Karl Wendlinger embodied the team’s transition from sportscars to Formula One. A member of the junior group of talents competing for Sauber in 1990 and 1991, he achieved a best result of fifth in the World Sportscar Championship before making the jump to Formula One at the end of the 1991 season, with Leyton House. When Sauber joined Formula One, he was one of the drivers – alongside Finn JJ Lehto – to take the wheel during the team’s debut race. Seven points and 12th in the drivers’ championship were a good return for the Austrian. Retained by the team in 1994, he finished fourth in that year’s tragic San Marino GP, before missing out on the rest of the season following a crash during qualifying for the following race in Monaco. A return to the team in 1995 was not successful and prompted a return to sportscar racing – but Karl Wendlinger remains firmly in Sauber Motorsport lore.
Another star-in-the-making from the youth intake of 1990, Heinz-Harald Frentzen would go on to compete for the team in various championships and several instances. A podium in the World Sportscar Championship in 1990 was followed by an adventure in F3000, but Sauber came calling again in 1994, the start of a long career in Formula One. Frentzen scored the team’s first ever podium, at the 1995 Italian Grand Prix – a date that will live forever in the history of Sauber Motorsport. A solid 1996 season was rewarded with a move to Williams, where Frentzen would score his first F1 win; a championship challenge with Jordan in 1999 heralded three more wins, establishing the German as one of the front-runners in one of the topsy-turviest campaigns in recent times. A return to Sauber for one race, replacing the suspended Felipe Massa in the 2002 USA Grand Prix, resulted in Frentzen being hired by the team once more for 2003, his final year in the sport.
Few drivers have inspired and entertained Formula One fans as much as Kimi Räikkönen. His debut for Sauber in 2001 turned heads: here was a rookie, with less than 30 single-seater races under his belt, scoring points in his first race; being heralded as a world champion of the future; and, by the end of the season, securing a big move to front-runners McLaren. But what made Kimi special was not just his incredible skill behind the wheel: it was the unflappable, steely Nordic mentality, his determination and his unique attitude to motorsport. He was, and remains, a driver whose focus is on racing, his great passion. The anticipated world championship title duly arrived, in 2007, his first year with Ferrari, alongside 21 victories, the latest in 2018. In 2019, Räikkönen, now one of the most experienced drivers on the grid, returned to the team that gave him his debut: a team where he had left friends and colleagues who were as keen to see him back as were the million of fans the Iceman gathered around the world. That story continues…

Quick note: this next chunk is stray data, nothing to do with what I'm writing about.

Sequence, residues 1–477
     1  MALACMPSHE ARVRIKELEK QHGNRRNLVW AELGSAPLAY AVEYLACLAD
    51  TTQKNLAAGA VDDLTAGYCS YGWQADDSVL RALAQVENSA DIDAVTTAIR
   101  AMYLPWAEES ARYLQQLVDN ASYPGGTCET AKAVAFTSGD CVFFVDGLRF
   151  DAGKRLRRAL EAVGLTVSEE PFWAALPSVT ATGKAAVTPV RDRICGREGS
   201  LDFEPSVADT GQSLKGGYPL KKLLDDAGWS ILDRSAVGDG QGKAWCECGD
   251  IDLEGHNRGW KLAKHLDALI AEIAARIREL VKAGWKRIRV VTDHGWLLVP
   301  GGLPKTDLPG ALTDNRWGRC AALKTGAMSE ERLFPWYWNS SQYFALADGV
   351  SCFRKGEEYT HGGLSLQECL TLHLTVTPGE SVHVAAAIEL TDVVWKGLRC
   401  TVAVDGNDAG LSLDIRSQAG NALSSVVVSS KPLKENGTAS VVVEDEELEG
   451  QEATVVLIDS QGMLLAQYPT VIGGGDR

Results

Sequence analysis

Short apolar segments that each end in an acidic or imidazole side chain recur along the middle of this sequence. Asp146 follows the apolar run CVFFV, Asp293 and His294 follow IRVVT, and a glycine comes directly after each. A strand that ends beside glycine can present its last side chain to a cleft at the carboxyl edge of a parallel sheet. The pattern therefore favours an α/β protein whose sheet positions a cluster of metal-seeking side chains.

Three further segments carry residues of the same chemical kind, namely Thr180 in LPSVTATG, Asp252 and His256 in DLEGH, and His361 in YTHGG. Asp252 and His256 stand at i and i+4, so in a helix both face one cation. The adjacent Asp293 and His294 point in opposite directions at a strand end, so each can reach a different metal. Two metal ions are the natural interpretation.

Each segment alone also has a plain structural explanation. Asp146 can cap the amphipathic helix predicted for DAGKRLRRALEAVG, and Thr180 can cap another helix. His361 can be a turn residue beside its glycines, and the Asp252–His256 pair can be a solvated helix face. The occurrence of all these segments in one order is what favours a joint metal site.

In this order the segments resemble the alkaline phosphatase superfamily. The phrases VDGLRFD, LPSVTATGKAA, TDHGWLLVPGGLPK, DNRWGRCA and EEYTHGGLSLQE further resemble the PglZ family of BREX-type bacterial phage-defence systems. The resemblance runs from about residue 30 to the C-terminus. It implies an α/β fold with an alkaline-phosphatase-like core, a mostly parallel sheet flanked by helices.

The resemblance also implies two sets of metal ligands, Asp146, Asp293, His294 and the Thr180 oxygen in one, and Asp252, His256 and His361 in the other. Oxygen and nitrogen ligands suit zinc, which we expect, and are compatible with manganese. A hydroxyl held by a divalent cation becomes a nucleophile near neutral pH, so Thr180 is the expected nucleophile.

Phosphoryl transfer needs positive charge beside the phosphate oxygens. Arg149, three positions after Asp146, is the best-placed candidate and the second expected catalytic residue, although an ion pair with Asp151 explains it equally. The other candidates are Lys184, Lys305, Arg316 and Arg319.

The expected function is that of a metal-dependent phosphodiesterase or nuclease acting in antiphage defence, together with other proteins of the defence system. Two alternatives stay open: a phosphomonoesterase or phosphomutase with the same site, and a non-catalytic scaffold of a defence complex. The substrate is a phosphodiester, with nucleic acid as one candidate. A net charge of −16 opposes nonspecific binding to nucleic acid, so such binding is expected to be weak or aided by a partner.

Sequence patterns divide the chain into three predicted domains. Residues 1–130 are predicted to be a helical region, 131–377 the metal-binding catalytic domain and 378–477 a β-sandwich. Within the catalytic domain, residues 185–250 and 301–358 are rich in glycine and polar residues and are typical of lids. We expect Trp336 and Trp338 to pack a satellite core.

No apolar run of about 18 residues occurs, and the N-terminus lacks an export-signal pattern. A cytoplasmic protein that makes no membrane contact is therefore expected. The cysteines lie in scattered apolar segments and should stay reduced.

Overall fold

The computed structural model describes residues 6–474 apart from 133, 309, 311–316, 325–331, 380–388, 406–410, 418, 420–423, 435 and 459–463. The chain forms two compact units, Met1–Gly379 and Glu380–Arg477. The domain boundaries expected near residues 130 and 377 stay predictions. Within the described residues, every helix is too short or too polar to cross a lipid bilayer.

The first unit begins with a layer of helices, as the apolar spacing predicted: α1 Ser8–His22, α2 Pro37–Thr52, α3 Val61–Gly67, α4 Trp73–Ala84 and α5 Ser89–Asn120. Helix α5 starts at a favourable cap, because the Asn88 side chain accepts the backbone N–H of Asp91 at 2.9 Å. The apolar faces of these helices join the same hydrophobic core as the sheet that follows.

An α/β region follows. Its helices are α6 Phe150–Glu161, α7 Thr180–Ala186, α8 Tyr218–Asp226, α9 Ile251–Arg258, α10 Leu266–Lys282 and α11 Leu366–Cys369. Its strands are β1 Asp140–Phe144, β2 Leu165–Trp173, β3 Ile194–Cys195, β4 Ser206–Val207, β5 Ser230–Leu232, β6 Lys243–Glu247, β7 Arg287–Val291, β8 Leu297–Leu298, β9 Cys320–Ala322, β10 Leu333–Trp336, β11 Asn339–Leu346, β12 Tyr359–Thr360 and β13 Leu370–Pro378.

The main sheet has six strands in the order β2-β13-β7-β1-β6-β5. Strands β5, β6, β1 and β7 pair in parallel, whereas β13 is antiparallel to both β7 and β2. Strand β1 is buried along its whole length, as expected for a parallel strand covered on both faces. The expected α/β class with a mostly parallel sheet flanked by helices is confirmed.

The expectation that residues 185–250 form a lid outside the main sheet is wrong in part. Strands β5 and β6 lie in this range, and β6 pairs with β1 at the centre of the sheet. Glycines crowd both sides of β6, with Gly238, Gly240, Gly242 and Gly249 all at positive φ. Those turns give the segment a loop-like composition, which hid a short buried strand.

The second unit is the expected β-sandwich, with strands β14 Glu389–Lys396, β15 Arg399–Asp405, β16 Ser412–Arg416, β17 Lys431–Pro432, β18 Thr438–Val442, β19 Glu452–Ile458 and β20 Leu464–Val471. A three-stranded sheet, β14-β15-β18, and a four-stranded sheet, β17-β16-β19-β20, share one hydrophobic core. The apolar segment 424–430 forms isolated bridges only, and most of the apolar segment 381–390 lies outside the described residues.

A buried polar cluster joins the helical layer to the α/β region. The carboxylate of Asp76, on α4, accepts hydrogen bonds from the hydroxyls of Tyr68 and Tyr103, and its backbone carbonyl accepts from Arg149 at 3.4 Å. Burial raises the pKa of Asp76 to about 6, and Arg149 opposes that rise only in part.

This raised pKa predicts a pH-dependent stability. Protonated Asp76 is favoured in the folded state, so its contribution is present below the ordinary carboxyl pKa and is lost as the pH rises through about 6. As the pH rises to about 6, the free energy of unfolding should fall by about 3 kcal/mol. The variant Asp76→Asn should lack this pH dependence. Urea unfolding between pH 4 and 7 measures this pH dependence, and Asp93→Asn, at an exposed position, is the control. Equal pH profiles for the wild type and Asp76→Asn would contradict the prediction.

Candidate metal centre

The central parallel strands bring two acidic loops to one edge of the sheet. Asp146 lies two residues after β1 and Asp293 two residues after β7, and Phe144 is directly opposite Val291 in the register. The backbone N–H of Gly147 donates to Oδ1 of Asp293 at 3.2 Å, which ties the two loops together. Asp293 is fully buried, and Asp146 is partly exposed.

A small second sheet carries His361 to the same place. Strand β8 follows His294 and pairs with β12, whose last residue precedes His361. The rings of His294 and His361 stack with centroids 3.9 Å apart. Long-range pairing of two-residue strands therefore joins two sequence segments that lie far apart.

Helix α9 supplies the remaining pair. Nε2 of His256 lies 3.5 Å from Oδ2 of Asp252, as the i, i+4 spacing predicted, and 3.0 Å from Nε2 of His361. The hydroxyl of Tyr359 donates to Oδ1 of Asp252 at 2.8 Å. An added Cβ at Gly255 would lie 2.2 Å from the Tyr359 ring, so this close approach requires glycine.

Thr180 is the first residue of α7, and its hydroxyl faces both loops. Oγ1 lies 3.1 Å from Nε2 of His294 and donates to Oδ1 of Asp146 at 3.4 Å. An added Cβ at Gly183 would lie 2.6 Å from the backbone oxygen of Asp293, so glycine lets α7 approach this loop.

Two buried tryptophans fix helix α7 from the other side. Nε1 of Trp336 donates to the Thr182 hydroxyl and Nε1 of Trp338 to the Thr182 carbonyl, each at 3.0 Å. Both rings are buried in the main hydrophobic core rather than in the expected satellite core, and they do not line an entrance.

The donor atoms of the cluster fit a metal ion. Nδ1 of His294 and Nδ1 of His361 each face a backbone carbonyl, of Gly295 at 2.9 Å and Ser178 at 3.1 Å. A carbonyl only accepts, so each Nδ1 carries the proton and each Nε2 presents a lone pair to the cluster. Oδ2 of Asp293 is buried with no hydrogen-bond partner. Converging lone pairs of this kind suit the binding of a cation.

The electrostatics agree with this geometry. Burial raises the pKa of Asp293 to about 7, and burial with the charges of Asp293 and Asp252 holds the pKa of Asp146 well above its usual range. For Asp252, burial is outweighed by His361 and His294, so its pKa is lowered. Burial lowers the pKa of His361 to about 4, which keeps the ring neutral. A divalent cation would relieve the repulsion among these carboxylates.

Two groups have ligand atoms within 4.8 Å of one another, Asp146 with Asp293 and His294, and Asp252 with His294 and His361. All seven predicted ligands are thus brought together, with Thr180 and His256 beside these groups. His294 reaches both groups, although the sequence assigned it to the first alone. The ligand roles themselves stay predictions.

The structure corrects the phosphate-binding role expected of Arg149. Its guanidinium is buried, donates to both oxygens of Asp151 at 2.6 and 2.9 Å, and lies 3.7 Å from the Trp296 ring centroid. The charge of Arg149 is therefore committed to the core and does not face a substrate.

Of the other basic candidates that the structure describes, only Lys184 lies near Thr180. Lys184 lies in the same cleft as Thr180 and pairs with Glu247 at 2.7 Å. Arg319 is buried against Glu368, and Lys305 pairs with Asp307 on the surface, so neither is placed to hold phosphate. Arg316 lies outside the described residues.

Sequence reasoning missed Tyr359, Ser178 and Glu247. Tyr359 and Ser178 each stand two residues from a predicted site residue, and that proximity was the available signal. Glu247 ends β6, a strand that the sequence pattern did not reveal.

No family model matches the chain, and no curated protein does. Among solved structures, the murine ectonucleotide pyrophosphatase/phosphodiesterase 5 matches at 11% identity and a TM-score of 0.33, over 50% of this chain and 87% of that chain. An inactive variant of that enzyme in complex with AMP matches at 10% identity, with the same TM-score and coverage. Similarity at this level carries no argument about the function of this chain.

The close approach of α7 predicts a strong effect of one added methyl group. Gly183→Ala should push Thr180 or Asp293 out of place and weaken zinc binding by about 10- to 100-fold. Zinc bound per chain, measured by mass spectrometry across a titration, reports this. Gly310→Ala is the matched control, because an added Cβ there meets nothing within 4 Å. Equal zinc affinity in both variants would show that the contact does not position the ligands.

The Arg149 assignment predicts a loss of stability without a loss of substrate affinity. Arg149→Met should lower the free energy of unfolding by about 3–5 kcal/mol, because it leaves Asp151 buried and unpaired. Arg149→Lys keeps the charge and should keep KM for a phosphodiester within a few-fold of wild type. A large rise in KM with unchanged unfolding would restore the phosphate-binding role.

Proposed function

Looking back at Sauber Motorsport’s Formula One statistics, the name of Nick Heidfeld strikes a powerful figure. With 125 races for the team, he is the longest-serving driver to compete for the Swiss outfit and his 9 podiums put him at the top of the team’s tally alongside team-mate Robert Kubica. Heidfeld competed for the team from 2001 to 2003, before returning in 2006 at the beginning of the partnership with BMW and contributing to the creation of the team’s most successful period. He was one half of the driver line-up in that famous 2008 Canadian Grand Prix, where the team scored a 1-2 – Sauber’s finest moment so far. Following the end of his Formula One career, in 2011, he switched to endurance racing and Formula E, winning the 24h of Le Mans in 2014.
A young Felipe Massa made his debut with Sauber in 2002, a year where the Brazilian showed glimpses of the talent that would make him so nearly a world champion five years later. A fifth place at the Spanish Grand Prix was the highlight of his debut season, before Massa spent a year on extensive testing duties with then-engine supplier Ferrari. Returning to Sauber in 2004, a much more rounded and consistent driver, he paired experienced team-mate Giancarlo Fisichella and produced some eye-catching performances, such as fourth place in Belgium. A strong 2005 season alongside Jacques Villeneuve earned Massa a call-up to Ferrari, where he would score wins and finish only one point away from the title in 2008. Injury in 2009 could not stop the affable Brazilian, who would go on racing at the top level of motorsport until 2017, another long career launched by Sauber Motorsport.